There are a lot of loose ends with the Sony hack that bother old IT guys like me. Kim Zetter in the article, The Evidence That North Korea Hacked Sony Is Flimsy, makes the point that nation-state attacks are not normally this noisy. This attack was public and filled with revenge-filled rhetoric that sounded distinctly non-North Korean.
Marc Rogers in the article, Why the Sony hack is unlikely to be the work of North Korea, goes a step farther and says an insider is the likely culprit.
3. It’s clear from the hard-coded paths and passwords in the malware that whoever wrote it had extensive knowledge of Sony’s internal architecture and access to key passwords. While it’s plausible that an attacker could have built up this knowledge over time and then used it to make the malware, Occam’s razor suggests the simpler explanation of an insider. It also fits with the pure revenge tact that this started out as.
So if we are to assume that the attack is from North Korea, we have to ask when, why, and how did they plant a spy at Sony? The mainstream news media seems to be proceeding under the premise that the North Koreans could walk into Sony either literally or electronically and collect extensive knowledge of Sony’s architecture including key passwords in a relatively short period of time. I think this supports main stream media’s agenda that this is technology problem all we need to do is install the latest and greatest firewall. The reality is that this type of hack is typically an inside job so it is a primarily a personnel rather than a technology problem. In most major corporations this type of broad access requires lots of time since security is compartmentalized and transferring passwords to new people is dependent on developing trust. Password management in a large corporation like Sony can be further enhanced by delegating password control to different people. In this case the passwords for administering email, human resources and accounting systems are probably controlled and periodically changed by the people who have operational control of those systems. So if the insider working for the North Koreans is a new hire or contractor then they must have been inserted into Sony months ago. This begs the question of why did the North Koreans target Sony months ago, develop such a sophisticated operation, and then release detailed information about this operation to the world. All of this work for a movie! The North Koreans may be crazy but I do not think they are stupid!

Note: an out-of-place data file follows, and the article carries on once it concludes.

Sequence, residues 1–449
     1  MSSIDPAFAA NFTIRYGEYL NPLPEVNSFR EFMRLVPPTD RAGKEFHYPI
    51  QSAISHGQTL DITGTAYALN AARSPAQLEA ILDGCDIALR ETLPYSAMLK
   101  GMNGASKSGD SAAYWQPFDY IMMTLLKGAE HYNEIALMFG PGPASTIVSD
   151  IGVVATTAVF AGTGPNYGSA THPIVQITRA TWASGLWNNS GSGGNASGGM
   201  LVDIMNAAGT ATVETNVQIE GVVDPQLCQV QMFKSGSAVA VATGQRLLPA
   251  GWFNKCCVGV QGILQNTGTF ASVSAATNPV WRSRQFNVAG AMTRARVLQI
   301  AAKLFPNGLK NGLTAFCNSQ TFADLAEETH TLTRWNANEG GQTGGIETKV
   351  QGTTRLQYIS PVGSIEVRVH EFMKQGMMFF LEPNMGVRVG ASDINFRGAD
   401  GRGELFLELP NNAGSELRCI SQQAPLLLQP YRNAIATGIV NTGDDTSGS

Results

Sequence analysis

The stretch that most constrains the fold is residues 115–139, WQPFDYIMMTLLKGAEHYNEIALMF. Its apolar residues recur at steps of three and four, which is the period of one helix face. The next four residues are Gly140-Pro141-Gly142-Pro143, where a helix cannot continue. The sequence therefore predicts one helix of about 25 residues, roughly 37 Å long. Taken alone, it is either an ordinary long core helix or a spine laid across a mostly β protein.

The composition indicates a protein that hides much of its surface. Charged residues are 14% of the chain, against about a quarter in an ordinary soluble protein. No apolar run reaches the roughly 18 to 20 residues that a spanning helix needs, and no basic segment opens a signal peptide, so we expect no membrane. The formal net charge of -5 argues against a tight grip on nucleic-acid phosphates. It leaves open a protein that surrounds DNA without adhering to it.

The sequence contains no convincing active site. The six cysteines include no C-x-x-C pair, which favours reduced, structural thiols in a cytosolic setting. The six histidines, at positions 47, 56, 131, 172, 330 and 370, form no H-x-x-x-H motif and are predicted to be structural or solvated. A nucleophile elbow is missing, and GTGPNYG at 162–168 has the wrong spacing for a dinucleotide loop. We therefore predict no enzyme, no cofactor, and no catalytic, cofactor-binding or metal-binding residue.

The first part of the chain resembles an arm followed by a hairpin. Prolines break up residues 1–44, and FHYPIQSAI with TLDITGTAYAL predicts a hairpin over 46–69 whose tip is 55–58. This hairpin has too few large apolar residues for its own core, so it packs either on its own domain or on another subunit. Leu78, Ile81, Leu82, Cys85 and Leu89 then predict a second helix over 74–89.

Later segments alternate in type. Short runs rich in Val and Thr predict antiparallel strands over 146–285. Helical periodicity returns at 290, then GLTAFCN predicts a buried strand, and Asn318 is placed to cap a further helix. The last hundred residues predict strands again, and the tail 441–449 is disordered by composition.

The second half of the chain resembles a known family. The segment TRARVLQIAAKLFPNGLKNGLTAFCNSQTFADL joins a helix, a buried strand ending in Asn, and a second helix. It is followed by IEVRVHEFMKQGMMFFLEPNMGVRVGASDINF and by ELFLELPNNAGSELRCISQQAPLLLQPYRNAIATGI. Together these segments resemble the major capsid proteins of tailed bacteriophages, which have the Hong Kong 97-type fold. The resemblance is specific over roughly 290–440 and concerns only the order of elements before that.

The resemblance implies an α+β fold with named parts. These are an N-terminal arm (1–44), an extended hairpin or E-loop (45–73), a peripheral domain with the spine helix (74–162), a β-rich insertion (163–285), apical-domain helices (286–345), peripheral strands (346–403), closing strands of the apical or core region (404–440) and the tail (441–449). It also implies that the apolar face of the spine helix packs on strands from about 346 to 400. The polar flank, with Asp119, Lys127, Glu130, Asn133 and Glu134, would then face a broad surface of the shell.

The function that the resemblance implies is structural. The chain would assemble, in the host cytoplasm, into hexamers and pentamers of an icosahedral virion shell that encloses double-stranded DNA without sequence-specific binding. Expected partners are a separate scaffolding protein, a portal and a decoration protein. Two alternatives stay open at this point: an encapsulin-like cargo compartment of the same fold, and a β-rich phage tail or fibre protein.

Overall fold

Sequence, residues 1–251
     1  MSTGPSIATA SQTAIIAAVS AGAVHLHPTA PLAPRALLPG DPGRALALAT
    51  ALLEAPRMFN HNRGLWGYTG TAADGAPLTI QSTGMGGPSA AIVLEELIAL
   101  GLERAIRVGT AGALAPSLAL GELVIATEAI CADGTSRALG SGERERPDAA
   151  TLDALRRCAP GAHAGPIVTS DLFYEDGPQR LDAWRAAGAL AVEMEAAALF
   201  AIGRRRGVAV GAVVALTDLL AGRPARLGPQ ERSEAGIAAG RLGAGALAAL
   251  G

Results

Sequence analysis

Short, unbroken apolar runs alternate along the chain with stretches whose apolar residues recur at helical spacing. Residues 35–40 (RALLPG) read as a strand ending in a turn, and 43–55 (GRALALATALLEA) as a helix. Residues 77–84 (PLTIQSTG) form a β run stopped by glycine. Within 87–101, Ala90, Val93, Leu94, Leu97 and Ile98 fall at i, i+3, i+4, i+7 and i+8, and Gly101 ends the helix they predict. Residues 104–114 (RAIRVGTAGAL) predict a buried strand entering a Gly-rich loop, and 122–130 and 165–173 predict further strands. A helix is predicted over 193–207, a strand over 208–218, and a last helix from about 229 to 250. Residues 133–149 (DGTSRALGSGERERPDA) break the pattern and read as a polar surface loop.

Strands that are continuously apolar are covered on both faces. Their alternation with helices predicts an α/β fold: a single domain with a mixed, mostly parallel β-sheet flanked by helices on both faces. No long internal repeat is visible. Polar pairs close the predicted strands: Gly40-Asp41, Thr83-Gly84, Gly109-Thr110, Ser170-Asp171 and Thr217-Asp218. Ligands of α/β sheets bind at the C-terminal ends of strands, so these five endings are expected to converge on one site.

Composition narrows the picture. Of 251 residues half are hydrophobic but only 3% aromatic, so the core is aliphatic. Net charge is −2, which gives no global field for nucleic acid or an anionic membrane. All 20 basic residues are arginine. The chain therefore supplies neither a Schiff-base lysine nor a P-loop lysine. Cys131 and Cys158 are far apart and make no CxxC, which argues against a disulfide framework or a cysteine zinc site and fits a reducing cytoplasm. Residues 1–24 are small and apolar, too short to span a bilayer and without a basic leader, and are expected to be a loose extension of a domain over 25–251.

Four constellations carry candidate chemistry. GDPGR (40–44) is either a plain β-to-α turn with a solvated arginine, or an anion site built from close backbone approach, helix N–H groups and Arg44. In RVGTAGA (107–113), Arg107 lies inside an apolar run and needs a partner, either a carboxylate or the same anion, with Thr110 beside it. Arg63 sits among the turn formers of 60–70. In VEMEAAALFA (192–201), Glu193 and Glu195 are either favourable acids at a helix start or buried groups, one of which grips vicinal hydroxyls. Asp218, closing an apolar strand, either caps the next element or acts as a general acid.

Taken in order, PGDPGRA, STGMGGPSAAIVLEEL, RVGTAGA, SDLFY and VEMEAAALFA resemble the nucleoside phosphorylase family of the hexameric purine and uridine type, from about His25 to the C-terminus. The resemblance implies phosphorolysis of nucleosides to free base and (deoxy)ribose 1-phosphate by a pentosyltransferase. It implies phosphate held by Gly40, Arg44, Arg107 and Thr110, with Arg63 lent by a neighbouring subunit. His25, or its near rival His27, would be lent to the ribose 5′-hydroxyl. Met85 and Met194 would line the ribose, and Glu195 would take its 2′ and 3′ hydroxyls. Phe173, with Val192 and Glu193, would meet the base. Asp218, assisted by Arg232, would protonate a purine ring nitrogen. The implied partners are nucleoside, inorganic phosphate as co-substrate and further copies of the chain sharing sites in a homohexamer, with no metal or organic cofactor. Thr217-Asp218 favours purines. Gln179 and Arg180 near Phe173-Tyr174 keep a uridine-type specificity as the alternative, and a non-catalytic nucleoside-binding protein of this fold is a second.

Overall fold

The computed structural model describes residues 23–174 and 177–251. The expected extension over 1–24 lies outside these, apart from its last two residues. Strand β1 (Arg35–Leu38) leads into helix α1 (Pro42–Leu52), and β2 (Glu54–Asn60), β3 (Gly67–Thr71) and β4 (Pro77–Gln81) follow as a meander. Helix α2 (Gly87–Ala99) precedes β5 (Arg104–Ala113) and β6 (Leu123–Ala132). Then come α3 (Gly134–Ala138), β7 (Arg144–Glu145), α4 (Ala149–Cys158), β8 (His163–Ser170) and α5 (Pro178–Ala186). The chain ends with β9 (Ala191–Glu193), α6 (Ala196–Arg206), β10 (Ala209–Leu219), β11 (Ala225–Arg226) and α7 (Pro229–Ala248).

If this hack is not North Koreans consumed by revenge over a movie, we have to conclude the insider was a long time employee or contractor who got the data directly off the servers or via malware installed on certain key computers. We are looking for a person with a Edward Snowden profile. Although some people who are skeptical of the North Korea explanation see a government conspiracy, my guess is our law enforcement agents are temporarily feeding the public misinformation to buy more time to complete the investigation and arrest the suspect while still in the United States.
For a detailed list of the Sony hack events check out the Riskbased Security article, A Breakdown and Analysis of the December, 2014 Sony Hack.